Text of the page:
Provide Transparency: Once the use-case is defined and all stakeholders are aligned, there is another level of communication required of the data-science team. Business executives expect to see tangible results and see reports on the progress of any initiative. They prefer to be fully informed and understand the milestones of any project and how the results apply to the business.
With a transparent approach, companies are able to build a culture where the data- science team and business executives collaborate. Methodologies such as scrum with frequent releases of progress reports, including setbacks, along the way, allow for a high degree of collaboration and obtaining buy-in from executives at key points.
With this level of communication, executives feel they are actively contributing to the overall success of the project and are less resistant to changes, compared to being involved only in the boardroom, looking at summaries of the results in the form of graphs and charts after months of silence and no idea how they were arrived at.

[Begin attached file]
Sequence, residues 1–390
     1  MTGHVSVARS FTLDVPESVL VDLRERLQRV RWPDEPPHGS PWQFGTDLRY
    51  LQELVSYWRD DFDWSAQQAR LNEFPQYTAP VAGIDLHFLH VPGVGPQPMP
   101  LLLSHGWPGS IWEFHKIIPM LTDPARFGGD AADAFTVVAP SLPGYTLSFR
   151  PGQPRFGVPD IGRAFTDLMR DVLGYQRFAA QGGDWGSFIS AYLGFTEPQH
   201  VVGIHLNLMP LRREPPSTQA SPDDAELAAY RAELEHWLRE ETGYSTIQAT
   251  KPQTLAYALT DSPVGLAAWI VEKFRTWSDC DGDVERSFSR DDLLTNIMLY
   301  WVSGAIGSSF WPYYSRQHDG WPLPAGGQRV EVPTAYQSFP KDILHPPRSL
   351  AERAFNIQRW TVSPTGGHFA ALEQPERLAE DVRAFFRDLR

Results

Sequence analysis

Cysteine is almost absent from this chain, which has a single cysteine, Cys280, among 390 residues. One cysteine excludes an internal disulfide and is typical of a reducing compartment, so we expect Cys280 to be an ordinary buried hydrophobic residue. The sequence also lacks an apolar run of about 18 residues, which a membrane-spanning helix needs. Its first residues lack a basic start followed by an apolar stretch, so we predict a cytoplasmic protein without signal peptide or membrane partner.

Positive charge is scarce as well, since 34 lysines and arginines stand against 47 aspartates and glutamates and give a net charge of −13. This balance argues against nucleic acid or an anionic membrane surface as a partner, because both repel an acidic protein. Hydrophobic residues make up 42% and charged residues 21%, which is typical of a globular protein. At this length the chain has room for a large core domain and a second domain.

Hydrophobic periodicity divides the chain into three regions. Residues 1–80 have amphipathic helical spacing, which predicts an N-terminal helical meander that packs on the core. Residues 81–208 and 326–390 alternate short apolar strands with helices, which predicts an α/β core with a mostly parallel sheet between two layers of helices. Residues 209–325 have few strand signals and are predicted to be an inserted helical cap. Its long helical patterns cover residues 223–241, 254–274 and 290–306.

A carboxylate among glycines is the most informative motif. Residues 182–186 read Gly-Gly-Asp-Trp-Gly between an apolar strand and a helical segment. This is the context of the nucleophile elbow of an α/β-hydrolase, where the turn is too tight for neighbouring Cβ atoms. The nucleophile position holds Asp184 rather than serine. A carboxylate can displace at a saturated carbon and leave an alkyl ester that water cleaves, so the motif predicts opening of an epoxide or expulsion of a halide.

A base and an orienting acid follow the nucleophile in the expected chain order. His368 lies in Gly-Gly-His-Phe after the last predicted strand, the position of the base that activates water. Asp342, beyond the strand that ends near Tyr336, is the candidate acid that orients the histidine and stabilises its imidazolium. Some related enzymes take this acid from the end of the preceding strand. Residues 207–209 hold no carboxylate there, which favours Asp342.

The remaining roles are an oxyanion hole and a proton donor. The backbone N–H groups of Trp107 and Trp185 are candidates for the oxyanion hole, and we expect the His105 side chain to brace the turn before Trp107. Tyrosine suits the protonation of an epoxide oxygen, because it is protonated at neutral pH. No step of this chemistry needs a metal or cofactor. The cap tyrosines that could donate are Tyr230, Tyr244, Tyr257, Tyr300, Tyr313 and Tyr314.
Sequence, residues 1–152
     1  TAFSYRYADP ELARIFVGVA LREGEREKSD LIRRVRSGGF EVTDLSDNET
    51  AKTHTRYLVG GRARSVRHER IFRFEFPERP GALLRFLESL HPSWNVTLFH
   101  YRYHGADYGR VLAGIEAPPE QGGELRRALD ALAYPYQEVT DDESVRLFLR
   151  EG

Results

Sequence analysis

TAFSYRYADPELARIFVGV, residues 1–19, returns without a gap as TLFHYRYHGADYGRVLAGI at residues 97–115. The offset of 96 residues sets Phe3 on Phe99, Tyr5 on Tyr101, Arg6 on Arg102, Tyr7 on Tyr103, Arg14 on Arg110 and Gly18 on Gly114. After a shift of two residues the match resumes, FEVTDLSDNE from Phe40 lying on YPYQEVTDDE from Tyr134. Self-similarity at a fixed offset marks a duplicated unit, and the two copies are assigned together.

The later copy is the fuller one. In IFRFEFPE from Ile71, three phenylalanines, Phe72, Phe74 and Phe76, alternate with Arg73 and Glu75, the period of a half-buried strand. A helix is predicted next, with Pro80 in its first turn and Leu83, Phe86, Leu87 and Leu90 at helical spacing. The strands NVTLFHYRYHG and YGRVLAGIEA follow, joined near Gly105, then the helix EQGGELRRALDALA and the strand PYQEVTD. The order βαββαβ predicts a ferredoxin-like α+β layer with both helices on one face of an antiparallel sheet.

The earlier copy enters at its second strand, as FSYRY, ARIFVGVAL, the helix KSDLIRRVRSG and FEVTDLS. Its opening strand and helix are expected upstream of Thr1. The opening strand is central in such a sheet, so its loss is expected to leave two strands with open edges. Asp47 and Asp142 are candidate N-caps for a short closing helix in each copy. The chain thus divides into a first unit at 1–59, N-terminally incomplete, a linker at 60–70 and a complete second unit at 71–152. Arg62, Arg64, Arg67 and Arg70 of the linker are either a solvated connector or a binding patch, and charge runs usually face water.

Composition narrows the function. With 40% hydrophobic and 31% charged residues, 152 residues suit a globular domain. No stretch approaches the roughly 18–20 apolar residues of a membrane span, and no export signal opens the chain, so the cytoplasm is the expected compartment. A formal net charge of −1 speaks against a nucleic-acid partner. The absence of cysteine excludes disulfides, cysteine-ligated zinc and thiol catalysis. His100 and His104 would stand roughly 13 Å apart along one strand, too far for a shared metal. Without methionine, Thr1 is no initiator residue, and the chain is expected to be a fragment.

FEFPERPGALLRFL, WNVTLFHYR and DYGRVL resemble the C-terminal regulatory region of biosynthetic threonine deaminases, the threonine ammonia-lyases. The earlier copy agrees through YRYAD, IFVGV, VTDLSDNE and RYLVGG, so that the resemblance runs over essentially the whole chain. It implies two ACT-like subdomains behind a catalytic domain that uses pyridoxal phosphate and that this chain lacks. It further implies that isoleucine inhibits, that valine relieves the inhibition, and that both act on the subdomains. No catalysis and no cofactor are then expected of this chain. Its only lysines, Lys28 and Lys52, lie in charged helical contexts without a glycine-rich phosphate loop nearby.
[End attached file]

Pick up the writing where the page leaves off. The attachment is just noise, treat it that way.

My best advice on transparency for the analytics lead is to consider providing a very detailed project plan with key milestones and deliverables and frequent checkpoints with the project committee—before the project begins.
Data scientists are in great demand and at the forefront of the next generation of business intelligence using machine learning and AI. Aspiring data scientists should consider honing skills in business and developing skills in communicating what a successful analytics project looks like and how it can be achieved. On their side, business stakeholders should strive to get acquainted with the language and capabilities of data science to hone their ability to identify a viable and valuable (and potentially quick win) use-case for their business. Taking the time to understand and communicate saves time, money, and frustration in the very complicated and fast-moving world of advanced analytics and AI. Great communication between business executives and data-science teams also benefits the sales team’s success in getting projects sold!